Parish Council News
The Platinum Jubilee of HM The Queen
The Jubilee beacon will be lit in Ellen & Bob McConnellís garden on Thursday
evening and the piper will play outside the school gate. The landlord of the
Crown will deliver the proclamation. There will be a barbecue in the
Crown from 4pm onwards. The tree planting and the dedication of the Jubilee
Seat will be at 12.30pm on Sunday; parishioners are invited to bring their own picnic and the
Parish Council will provide a glass of wine for the toast
Lanlivery is a rural Cornish parish located close to a tributary of the River Fowey and just five miles south of Bodmin moor. To the north, it is bordered by Lanivet and Lanhydrock, to the east is St Winnow. St Sampson, Tywardreath and Luxulyan are to the south.
Around 300 people live in Lanlivery parish, mostly in the villages of Lanlivery, Sweetshouse and Redmoor. There are also numerous farms in the parish. Today, most people commute to work outside the parish but local businesses include caravan and camping sites and a landscape gardener.
The moorland parish of Lanlivery is home to St Brevita parish church. St Brevita boasts a 100 ft high tower, one of the most striking in Cornwall. The church was built in the 15th century but has been restored over the past decade.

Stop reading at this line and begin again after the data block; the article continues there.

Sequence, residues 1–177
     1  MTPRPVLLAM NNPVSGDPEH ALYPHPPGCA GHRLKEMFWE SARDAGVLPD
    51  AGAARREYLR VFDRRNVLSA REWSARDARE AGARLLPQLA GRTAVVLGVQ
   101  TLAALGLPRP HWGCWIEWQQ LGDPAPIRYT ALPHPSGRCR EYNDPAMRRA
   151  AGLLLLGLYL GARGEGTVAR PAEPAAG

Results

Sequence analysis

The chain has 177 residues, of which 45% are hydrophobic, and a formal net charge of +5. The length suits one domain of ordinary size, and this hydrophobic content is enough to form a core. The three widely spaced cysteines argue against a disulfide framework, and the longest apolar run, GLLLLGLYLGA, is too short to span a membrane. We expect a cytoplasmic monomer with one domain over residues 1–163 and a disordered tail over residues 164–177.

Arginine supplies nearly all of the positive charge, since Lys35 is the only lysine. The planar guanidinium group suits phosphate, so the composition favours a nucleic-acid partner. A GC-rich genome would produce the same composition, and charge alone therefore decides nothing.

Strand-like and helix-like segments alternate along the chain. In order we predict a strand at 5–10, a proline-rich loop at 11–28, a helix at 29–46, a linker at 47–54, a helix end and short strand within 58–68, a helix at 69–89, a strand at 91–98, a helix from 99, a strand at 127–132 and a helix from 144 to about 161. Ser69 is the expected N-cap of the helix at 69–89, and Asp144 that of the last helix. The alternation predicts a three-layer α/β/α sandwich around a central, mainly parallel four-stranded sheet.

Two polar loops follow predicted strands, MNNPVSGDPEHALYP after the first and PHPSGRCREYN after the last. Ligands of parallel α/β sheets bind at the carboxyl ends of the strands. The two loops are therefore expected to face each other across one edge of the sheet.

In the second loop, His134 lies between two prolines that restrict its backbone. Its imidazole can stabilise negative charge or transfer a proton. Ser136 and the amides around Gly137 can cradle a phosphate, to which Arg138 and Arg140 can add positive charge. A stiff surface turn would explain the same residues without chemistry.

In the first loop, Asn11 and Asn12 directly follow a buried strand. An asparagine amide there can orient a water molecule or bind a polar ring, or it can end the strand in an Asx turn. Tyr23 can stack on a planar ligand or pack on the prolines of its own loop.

Located just behind St Brevita, the Crown Inn is a 12th century longhouse complete with low beams and open fires.
The primary school in Lanlivery village is over 100 years old, and has itís own preschool.
Lanlivery village hall was used as a school in the mid 19th century and became a village hall thanks to the effort of the Village Hall Management Committee, as well the support of the parish.
Local legend surrounds surround a small cottage at Redmoor Bridge; it is said that a witch, Jinny Gerry, lived here.
Lanlivery is a green belt area, and the majestic Helman Tor and part of the Luxulyan Valley World Heritage Site can be found within the parish.
In 1990, parishioners took part in a walk from Padstow to Fowey following the Saintís Way through Lanlivery. Irish pilgrims travelling to France used this path in the Dark Ages. The event was hugely popular in the parish.